When senior Kilpana Prajapati came to the University of South Dakota three years ago from Nepal, she wanted to get involved in the annual Festival of Nations to show her culture and its food to others.
“It’s important to know other cultures because there are people coming from different countries to the United States and people here are going to other places,” Prajapati said. “It’s important for both international and national people to know about other cultures and food.”
The Festival of Nations, sponsored by the International Students Club, is an annual spring event that celebrates the diversity on Carrie Prentice, campus assistant professor and club adviser, said
“I think we often do not see how many people we have from different countries and cultures here,” Prentice said. “We don’t give them an opportunity to celebrate those differences. Through dress, food and entertainment, we get to appreciate the enormous diversity we have here that is not often seen.”
For her second year in the festival, Prajapati, a computer science major, will not only be serving traditional food from her home country, but will also be performing a dance.
“I will be dancing with an eight-year-old girl from Sioux City, Maya Diswokarma, who is also from Nepal,” Prajapati said.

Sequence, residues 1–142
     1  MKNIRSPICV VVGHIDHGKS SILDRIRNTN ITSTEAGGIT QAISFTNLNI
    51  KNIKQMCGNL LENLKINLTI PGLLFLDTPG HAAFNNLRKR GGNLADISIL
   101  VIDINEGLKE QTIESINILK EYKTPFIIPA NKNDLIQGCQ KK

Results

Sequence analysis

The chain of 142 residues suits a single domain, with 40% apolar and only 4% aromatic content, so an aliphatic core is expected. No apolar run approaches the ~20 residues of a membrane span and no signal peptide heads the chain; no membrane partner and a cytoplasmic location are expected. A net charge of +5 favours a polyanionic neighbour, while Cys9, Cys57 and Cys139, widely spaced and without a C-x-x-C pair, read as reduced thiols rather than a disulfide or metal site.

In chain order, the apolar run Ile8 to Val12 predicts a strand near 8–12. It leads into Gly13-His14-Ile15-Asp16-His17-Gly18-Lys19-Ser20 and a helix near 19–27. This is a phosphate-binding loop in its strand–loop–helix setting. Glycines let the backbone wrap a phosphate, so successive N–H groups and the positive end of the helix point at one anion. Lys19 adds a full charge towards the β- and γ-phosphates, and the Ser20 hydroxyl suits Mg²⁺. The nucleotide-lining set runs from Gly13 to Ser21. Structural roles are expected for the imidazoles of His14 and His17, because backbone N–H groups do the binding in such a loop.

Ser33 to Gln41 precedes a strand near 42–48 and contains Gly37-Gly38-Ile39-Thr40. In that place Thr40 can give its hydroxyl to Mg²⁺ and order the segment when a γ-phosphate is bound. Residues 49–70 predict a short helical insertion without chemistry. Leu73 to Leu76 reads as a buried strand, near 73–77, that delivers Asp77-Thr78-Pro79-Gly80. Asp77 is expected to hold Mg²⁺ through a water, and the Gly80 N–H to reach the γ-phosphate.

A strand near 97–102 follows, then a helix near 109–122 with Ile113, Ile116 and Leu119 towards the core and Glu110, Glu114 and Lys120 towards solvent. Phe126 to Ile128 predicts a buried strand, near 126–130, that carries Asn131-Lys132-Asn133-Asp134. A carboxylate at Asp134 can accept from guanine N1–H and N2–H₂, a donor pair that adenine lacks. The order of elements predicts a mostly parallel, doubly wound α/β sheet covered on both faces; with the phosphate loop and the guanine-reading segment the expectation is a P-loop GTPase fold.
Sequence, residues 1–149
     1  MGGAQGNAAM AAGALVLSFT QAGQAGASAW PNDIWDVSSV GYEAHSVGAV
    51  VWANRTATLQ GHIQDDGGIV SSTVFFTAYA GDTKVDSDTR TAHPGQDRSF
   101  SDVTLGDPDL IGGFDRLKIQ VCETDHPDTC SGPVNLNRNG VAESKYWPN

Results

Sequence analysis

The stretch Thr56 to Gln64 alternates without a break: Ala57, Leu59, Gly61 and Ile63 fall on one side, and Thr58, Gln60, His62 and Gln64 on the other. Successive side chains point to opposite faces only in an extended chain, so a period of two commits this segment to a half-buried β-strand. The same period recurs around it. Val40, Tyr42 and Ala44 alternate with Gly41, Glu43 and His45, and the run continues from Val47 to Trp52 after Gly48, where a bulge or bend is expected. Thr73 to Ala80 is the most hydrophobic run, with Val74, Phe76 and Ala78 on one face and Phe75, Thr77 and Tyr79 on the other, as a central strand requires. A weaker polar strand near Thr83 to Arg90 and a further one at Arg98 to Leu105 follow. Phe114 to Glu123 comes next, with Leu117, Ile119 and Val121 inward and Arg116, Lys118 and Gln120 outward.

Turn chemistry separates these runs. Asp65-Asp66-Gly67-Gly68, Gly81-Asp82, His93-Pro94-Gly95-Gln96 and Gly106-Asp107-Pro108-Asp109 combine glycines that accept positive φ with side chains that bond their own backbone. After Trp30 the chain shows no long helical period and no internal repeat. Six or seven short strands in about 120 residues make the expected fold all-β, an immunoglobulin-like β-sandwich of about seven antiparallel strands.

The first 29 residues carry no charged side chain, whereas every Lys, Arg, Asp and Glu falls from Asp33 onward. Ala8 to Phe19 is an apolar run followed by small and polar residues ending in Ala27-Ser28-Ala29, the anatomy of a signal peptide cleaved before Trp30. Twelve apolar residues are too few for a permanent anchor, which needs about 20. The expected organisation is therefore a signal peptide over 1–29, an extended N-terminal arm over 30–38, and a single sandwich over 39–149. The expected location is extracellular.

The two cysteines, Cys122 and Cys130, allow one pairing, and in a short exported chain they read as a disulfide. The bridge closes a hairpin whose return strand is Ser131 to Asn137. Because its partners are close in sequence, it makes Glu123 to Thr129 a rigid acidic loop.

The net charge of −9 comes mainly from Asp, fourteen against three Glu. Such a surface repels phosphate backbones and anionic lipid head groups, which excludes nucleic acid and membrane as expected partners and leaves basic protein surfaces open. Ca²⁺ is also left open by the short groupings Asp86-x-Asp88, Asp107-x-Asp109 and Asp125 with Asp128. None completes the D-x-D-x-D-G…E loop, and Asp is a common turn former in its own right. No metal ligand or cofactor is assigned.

Prentice said the festival will offer more dancing and other performances this year, just one of the few subtle changes from last year.
“We have a broader range of cooks cooking this year,” Prentice said. “We’re going to control the serving a little better. Last year, it was sort of a mess because people got up all at once.”
This year, Prentice said announcers will call up the tables individually.
“We want to give everybody an opportunity to access the food more,” Prentice said. “It’s a better situation for everybody.”
Second-year graduate student Heather Siebert, International Students Club secretary, said she got involved with the club after studying abroad in Spain as an undergraduate.
“When I came back from Spain, I knew I wanted to stay involved with international students,” Siebert said. “I loved the community and I liked being connected to different people in that way. I’m also really interested in learning about different cultures.”
Siebert, who helps with the food for the event, said the club has held two meetings to help prepare the cooks for the crowd.
“We’re hoping to get at least 200 people but hopefully 250,” Siebert said. “We hope that it will be an enjoyable evening of entertainment for the community and it’s open to everybody here in town. It’s a celebration of diversity on the USD campus, an opportunity to learn about other cultures and to celebrate what we have here.”
Prajapati, who is graduating in August, said she is very excited for this year’s festival because it gives students a chance to get to know different cultures, foods and people from different countries.
“These are only the students that have come all the way to this country that have come here to get an education,” Prajapati said. “It’s a good opportunity to come and visit people from the outside world.”
Reach reporter Josie Clarey at Josie.Clarey@usd.edu.